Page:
NOx limits under MARPOL Annex VI
(Image Credit: UK P&I Club)
NOx limits are covered by regulation 13 of Annex VI, which sets progressive and tighter standards for new engines in a three-tier scheme.
Tier I standards, defined in the 1997 version of Annex VI, apply to a diesel engine which is installed on a ship constructed on or after 1st January 2000 and prior to 1st January 2011, and represents the 17g/KW standard.
For Tier II, defined together with Tier III in the Annex VI amendments adopted in 2008, NOx emission levels for a diesel engine installed on a ship constructed on or after 1st January 2011 are reduced to 14.4 g/kWh. For Tier III, NOx emission levels for a diesel engine installed on a ship constructed on or after 1st January 2016 are reduced to 3.4 g/kWh when the ship is operating in a designated ECA. Outside a designated ECA, Tier II limits apply.
The same Tier I limits will apply to those existing marine diesel engine with a power output of more than 5,000 kW and a per-cylinder displacement at or above 90 litres installed on a ship constructed between 1st January 1990 and 1st January 2000. A certified approved method must be provided following the requirements set in the NOx Technical Code.
The NOx Technical Code provides,mandatory procedures for the testing, survey and certification of marine diesel engines which will enable engine manufacturers, shipowners and administrations to ensure that all applicable marine diesel engines comply with the relevant limiting emission values of NOx as specified within regulation 13 of Annex VI.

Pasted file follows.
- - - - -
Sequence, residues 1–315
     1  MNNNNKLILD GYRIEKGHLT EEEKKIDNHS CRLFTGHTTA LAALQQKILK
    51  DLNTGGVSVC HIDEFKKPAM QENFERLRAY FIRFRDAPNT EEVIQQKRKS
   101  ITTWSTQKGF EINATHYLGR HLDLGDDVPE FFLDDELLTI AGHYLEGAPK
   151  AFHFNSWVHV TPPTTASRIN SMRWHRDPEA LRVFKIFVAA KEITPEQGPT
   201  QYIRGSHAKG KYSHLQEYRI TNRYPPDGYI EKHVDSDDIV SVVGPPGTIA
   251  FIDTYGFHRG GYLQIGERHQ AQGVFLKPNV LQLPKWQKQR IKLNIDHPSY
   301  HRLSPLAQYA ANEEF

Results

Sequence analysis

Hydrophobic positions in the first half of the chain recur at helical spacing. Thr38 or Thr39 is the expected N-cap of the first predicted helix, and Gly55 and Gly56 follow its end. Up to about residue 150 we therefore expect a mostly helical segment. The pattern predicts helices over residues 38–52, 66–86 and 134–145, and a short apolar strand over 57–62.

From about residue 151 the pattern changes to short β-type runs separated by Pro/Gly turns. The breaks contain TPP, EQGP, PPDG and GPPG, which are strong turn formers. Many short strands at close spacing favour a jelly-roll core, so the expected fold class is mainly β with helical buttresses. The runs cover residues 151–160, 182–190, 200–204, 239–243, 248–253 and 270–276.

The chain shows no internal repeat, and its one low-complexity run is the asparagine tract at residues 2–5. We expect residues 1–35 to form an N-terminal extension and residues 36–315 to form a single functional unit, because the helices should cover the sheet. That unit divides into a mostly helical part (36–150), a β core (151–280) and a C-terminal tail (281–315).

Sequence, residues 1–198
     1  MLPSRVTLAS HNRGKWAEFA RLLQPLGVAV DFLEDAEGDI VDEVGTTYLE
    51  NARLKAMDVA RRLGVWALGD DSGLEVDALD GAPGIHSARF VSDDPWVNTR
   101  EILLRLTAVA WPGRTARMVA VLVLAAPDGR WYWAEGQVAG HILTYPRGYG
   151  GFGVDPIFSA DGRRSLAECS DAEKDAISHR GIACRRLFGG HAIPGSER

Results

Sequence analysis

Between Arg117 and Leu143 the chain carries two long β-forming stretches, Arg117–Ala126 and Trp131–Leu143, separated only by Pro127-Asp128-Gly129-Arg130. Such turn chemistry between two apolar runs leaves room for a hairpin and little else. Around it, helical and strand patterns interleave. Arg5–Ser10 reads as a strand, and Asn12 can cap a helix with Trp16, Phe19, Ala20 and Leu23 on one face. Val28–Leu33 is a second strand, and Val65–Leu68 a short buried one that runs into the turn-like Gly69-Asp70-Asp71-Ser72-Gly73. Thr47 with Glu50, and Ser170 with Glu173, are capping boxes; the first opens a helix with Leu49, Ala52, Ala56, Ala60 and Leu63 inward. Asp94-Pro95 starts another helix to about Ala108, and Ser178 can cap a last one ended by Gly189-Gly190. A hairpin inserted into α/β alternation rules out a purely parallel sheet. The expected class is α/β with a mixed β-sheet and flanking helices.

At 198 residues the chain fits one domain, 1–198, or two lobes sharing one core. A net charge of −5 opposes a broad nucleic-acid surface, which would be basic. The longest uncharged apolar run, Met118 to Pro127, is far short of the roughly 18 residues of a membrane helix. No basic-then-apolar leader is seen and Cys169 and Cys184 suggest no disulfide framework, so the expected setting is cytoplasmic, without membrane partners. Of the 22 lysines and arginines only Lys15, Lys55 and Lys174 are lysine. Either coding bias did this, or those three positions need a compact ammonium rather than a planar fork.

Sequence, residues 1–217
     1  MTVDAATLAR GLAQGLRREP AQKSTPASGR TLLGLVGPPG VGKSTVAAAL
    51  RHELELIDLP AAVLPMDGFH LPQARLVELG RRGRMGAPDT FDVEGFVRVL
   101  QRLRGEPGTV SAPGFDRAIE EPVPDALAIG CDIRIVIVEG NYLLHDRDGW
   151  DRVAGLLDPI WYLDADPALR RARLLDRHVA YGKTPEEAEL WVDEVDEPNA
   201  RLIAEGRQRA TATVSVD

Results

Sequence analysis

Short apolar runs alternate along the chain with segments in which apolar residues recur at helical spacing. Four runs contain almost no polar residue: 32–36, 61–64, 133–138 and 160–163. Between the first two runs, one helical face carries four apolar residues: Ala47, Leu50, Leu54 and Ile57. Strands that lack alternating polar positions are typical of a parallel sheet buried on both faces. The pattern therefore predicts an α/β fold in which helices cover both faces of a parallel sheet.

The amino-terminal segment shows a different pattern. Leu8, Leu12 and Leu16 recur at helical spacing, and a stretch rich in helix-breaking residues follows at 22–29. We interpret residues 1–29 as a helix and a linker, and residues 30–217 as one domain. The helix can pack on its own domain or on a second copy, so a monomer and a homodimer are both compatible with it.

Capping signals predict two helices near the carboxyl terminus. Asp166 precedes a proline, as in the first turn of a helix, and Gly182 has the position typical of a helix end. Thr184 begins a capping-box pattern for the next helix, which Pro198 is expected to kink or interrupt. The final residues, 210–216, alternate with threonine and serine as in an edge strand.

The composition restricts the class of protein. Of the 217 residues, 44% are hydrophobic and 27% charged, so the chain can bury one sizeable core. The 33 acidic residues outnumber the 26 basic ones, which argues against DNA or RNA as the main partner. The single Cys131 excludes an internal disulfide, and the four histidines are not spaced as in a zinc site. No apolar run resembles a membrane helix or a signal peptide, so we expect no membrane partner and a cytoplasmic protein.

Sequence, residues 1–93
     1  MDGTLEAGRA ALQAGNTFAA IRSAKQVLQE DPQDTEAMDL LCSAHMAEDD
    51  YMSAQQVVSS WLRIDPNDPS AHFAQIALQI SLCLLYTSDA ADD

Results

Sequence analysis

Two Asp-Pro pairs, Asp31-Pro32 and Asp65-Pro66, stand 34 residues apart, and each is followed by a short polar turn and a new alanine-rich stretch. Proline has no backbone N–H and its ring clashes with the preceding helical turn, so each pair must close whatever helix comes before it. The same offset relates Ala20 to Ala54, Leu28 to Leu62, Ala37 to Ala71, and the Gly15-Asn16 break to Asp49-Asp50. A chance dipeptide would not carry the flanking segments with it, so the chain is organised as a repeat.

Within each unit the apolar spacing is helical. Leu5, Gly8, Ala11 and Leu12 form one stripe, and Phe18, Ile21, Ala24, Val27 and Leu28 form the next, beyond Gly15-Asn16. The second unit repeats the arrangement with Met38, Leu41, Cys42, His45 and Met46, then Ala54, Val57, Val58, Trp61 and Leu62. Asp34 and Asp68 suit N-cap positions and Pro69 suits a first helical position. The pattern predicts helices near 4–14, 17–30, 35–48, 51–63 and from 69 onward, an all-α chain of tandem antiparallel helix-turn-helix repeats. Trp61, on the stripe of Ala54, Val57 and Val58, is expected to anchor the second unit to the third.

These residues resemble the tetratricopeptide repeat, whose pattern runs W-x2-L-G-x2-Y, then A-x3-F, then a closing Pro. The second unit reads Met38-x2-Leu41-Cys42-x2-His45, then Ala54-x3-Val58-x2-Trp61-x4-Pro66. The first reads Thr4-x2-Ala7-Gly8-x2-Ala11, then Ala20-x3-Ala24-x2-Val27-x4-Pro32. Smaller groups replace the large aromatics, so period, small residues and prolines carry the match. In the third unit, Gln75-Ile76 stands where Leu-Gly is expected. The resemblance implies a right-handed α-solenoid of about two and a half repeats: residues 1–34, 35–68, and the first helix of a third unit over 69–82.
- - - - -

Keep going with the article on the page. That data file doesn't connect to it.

The IMO Marine Environment Protection Committee at its 66th session agreed to set the Tier III requirements to be applied to the marine diesel engines installed on
- ships constructed on or after 1st January 2016 and which operate in the North American ECA or the United States Caribbean Sea ECA, both designated for the control of NOx emissions
- ships constructed on or after the date of adoption by the committee of a new ECA, or a later date as may be specified in the amendment designating the new NOx Tier III ECA.
The amendments will come into force on 1st September 2015.
EU encourages stringent measures
EU regulations have recently been brought in line with MARPOL Annex VI to ensure coherence with international law. However EU member states are also being encouraged to introduce more stringent measures to speed up implementation of lower sulphur limits for marine fuels.
The first step towards reducing SOx emissions by ocean-going ships was taken in 1999 through the EU Directive 99/32/EU. It established limits for sulphur content in heavy fuel oil (1.0% after 1st January 2003) and gas oil, including marine gas oil (0.1% m/m after 1st January 2008). Later on, following entry into force of MARPOL Annex VI, an amending Directive 2005/33/EU became effective on 1st January 2010 and barred any ship (irrespective of flag, type, age or tonnage) berthed or anchored in EU ports from using marine fuels with a sulphur content exceeding 0.1% m/m.
Greenhouse gas emissions regulations updated
IMO added a new chapter 4 to MARPOL Annex VI in July 2011, providing new regulations on energy efficiency for ships. The regulations introduce two mandatory measures: an Energy Efficiency Design Index (EEDI) for new ships and Ship Energy Efficiency Management Plans (SEEMP) for all ships.
The regulations apply to all ships of 400 gt and above and entered into force on 1st January 2013. Flexibility exists in the initial period of up to six and a half years after entry into force, when the IMO may waive the requirement to comply with the EEDI for certain new ships, such as those already under construction.
For more information please read Legal Briefing issued by UK P&I Club by clicking below: